We only stayed two days in the anchorage, and one of them was spent going back into town, via a cab that had been arranged to take groups of us to Customs and Immigration so that we could apply for our 30-day Visa extension, and to take care of whatever business we might need to, since this would be our last stop in civilization until we get to Port Vila in about 6 weeks. Our "cab" turned out to be a mini super cab pickup truck. Four of us crammed into the cab while Frank and Jock (from "Just in Time") rode in the bed of the truck. Poor guys! Thank goodness this was only a 20- minute/7 mile ride into town. In the Customs office we met another American cruising couple, Laura and Mark aboard "Sabbatical III", a 54 ft. Amel. He is a professor at Brown Univ., and sails 8 months of the year, then goes back to work for the remaining 4. Nice deal. Lovely people whom we ended up spending a bit of time with over the next couple of weeks.
Friday, Frank played golf with John from "Windflower". Somehow I ended up on the boat all day, so I just read a book. I should have planned that better so that I could have access to the dinghy or to hitch a ride with someone else to go snorkel or just for a walk on shore. It was much too far to swim.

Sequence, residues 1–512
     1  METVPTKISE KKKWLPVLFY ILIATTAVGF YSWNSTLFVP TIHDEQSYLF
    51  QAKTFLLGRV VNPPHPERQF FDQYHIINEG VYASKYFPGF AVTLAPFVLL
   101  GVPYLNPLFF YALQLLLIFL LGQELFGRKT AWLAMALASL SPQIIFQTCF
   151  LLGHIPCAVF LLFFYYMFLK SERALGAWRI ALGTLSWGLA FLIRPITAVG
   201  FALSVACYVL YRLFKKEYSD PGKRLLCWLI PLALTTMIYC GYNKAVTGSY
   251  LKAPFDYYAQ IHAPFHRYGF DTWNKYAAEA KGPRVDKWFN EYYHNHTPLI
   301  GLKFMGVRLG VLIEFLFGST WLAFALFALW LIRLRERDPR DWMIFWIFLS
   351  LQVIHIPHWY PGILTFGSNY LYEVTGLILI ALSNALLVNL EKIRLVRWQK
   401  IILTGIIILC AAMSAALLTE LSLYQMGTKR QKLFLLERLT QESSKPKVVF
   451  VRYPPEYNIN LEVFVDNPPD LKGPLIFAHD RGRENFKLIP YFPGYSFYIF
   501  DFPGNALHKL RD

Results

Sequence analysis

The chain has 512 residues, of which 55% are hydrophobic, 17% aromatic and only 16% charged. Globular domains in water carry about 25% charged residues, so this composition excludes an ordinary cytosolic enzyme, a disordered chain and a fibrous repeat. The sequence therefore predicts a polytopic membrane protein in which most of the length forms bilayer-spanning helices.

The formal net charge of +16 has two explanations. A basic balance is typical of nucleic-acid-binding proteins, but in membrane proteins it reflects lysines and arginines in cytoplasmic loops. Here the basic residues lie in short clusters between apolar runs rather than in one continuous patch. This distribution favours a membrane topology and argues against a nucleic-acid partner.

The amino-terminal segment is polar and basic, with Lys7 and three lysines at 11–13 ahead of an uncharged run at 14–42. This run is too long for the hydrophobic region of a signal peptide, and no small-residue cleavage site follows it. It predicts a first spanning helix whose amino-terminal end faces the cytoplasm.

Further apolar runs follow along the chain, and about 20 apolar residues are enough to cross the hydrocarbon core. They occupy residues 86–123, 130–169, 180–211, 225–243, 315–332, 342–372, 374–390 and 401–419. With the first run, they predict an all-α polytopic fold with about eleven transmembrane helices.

On Saturday morning we left for Lolowai Bay on the island of Ambae, which was a great 6-hour sail. We had anticipated 8 hours, but caught great winds across the beam, averaging 27 knots, gusting to about 35, giving us an average boat speed of 7-8 knots with reefs in both sails. The going got a bit rough, seas a bit high and it was exhilarating! Lolowai reminded us very much of the Marquesas. We anchored in a deep, dark bay surrounded by mountainous terrain. The beaches were black, as is quite common in these volcanic islands. There wasn't much to the village, in fact it appeared fairly deserted with only a few homes, although it is said to be the principal center for the Anglican Diocese of Melanesia, and houses the hospital, bank and post office for this entire area. The villagers were very simple people and quite curious about the yachts. They hooped and hollered to us from shore. Next morning the local ladies set up a fruit and vegetable mini market for us on shore. We purchased some cooking bananas, kumara (sweet potatoes), pawpaw (papaya), and pampelmousse stowed our goods into the dinghy and then set off for a long group hike, which everyone enjoyed immensely. We climbed up to the caldera of the no longer active volcano. The hike turned out to be an all day adventure sometimes through rugged wilderness, often on steep rocky trails and roads, hardly seeing another soul. Every now and then we would spy what appeared to be an abandoned garden and perhaps an abandoned home, although we were told they probably were inhabited but that this is just the way these people live. The islands here are so lush with vegetation that it is nearly grown over itself. Michele and Paul's two young children, Merric and Seanna were in heaven on those trails. I kept thinking of my own grandson who is about their age, and how much fun he would have out here picking up sticks and rocks, climbing the huge Banyan trees, picking bananas and fruit, seeing lizards, frogs, baby pigs and chickens scattering along. It wouldn't be a bad place to get stranded now that they no longer eat people. After the hike we walked up to the hospital. Oh my god! It is not a place you would want to go if you are infirm! Remembering episodes of the TV show "ER", when Carter went to the clinic in Africa, I thought this place didn't even measure up to that. The patients even have to bring their own drinking water, drinking cups, and food. Their medications are apparently outdated and the place, just like some of the villages and homes we passed, looks like the remains of either a bombing or a cyclone. Very sad. Not sanitary. We guessed that the only people who go there are the Christians who do not believe in Black Magic and are so very ill they look to this as the last resort. It probably is their last.
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